change in the favouring of only two languages to the detriment of the rest. The
establishment of eleven national lexicography units, one for each of the official
South African languages, has created the opportunity, at least in theory, for all
the official languages to be promoted and to embark on lexicographical projects. In practice, however, the application of the official policy of eleven national languages leaves much to desire and it still has to be seen how this language policy will influence South African lexicography. The strong position of
English as language of documentation has already resulted in the choice by a
number of national lexicography units to compile bilingual dictionaries with
English as partner language. If not managed in a proper way, this may lead to a
new linguistic and lexicographical hegemony.
Style selecting language policy
This kind of language policy is part of some national language policies (cf. the
discussion above and the citation from the Swedish Governmental proposal
2005). We are not aware of any such concrete national language policy plans in
practice but in private companies and organisations below governmental level
it is the most frequently used type of language policy plan. Their concern is
better communicative habits to ensure a homogeneous language use (because a
non-homogeneous language use sends a signal of non-professionalism) and a
clear and easily understood communication. We only know of small corporate
dictionaries (word lists) as part of corporate language policies, demanding e.g.
the use of short words instead of long word formations or the abolishment of
foreign words. Such demands are collected in small word lists, e.g. that of the
Danish Pump Company (cf. Grundfos 2002 and Bergenholtz et al. 2003). For
future corporate, but also national dictionaries we will suggest the development of an integrated outer text with style selecting proposals to which references from all relevant entries should be made.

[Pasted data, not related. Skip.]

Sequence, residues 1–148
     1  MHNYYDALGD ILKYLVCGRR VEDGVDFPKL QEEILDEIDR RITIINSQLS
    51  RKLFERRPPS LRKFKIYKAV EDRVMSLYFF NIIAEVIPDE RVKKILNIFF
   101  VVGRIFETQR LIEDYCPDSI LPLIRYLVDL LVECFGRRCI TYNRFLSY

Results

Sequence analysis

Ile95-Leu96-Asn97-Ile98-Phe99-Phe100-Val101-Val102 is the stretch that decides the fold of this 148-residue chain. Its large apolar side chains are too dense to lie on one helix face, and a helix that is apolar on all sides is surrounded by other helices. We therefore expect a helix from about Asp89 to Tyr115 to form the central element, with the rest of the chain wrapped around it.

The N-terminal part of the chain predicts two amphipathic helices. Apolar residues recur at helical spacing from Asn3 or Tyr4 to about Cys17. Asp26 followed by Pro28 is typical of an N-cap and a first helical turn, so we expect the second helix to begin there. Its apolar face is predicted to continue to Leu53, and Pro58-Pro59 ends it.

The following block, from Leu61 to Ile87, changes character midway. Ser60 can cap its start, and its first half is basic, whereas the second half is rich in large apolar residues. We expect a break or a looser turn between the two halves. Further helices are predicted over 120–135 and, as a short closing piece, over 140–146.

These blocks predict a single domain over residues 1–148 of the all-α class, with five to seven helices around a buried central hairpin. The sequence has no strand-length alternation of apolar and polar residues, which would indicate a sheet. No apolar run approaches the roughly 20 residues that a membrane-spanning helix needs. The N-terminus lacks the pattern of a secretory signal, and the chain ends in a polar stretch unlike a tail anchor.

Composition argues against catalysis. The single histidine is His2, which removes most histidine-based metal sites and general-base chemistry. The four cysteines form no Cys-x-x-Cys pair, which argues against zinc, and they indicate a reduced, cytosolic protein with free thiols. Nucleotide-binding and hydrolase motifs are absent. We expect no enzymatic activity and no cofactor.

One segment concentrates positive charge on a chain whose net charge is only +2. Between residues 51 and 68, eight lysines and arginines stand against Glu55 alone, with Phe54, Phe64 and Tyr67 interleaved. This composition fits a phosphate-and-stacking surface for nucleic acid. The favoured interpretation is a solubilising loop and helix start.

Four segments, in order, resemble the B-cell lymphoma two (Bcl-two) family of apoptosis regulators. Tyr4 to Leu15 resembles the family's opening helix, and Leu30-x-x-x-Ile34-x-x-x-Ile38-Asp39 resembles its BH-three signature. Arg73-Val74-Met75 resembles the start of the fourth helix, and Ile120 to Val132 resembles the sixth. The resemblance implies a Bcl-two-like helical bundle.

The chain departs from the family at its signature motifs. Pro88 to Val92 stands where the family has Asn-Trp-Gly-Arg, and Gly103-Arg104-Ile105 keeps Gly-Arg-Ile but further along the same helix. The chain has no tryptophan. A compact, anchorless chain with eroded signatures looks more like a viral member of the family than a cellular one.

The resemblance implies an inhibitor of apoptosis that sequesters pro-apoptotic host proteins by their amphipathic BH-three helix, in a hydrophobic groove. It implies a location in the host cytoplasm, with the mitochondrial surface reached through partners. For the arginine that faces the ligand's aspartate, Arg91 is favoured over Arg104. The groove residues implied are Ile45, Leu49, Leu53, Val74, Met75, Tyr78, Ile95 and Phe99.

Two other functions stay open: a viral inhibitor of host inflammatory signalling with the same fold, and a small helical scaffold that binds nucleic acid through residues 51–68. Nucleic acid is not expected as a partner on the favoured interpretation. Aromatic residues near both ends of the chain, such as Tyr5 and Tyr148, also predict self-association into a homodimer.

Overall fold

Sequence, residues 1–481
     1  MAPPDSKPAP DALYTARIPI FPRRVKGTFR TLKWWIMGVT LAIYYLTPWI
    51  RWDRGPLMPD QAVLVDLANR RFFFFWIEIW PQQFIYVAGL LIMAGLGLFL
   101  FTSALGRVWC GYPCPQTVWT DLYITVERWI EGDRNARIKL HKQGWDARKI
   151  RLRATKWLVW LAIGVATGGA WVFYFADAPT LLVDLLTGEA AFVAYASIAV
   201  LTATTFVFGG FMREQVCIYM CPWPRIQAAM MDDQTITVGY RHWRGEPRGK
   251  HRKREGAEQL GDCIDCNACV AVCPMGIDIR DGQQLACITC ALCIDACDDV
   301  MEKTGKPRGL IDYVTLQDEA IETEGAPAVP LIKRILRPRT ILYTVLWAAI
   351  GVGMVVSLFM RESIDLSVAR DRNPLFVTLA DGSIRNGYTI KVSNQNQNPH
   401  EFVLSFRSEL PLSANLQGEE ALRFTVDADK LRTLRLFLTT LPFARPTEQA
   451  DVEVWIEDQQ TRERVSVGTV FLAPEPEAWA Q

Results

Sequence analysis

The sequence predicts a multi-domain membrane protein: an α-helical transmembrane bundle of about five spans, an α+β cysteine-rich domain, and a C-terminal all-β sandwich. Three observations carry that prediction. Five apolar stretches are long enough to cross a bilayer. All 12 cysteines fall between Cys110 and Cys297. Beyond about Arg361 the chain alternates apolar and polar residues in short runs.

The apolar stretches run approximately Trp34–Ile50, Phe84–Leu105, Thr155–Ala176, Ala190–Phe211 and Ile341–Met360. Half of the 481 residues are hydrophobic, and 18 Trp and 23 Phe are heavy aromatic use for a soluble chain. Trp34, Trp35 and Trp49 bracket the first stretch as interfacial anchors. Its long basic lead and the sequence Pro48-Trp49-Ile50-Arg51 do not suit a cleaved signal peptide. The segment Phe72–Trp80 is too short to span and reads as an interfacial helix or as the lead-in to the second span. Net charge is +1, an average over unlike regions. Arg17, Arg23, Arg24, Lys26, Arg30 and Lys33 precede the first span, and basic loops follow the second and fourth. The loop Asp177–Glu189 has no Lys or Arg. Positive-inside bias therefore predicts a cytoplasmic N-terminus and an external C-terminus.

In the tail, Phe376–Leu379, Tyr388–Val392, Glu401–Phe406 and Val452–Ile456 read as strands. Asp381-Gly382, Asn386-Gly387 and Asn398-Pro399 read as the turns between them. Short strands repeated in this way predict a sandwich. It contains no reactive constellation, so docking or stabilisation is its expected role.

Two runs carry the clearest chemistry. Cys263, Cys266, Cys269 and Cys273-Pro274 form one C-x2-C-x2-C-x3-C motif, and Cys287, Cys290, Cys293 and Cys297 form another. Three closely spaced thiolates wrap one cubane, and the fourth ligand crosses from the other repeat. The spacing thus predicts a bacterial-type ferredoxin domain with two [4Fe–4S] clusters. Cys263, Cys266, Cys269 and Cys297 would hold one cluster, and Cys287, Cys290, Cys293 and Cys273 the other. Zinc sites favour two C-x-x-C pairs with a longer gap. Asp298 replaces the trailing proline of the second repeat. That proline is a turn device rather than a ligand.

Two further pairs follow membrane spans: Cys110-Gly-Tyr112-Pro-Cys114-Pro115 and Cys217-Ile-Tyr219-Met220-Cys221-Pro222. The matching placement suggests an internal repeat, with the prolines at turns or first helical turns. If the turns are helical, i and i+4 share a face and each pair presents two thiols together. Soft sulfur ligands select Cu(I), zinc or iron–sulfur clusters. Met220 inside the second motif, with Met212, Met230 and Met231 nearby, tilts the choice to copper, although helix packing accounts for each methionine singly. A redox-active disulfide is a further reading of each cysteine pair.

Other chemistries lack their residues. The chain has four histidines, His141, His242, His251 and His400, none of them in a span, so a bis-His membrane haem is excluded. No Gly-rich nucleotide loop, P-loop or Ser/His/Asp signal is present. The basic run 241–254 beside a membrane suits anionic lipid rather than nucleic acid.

Linguistic units selecting language policy
Henning Bergenholtz and Rufus H. Gouws
Dictionaries are too often regarded by their users as authoritative sources of
knowledge that should never be questioned. However, as Samuel Johnson
indicated, the authority of a dictionary is only that of its compiler. Yet, dictionaries are seen as sources in which the "proper" language usage is described and
if a given form has been included in a dictionary the average dictionary user
regards it as an indication that it had been accepted as part of the standard language. Once again it is important to be reminded of the remark by the editor of
Webster's Third New International Dictionary of the English Language, Philip Gove,
that the task of the dictionary is to record language, not to set its style. This
would imply that a dictionary reflecting the real language should not be impeded by puristic considerations resulting from a biased or prescriptive approach on the side of the lexicographer.
An intralingual language policy may be an attempt to ensure the use of
the standardised spelling system, and dictionaries may be required to utilise
this standardised orthography. In this regard dictionaries often adhere to the
orthography rules laid down by a formal language or spelling commission (cf.
par. 4.5). For Afrikaans the Taalkommissie van die Suid-Afrikaanse Akademie
vir Wetenskap en Kuns is the body responsible for the official ruling of Afrikaans orthography. Its decisions are published in the successive editions of the
Afrikaanse Woordelys en Spelreëls and dictionaries are expected to abide by the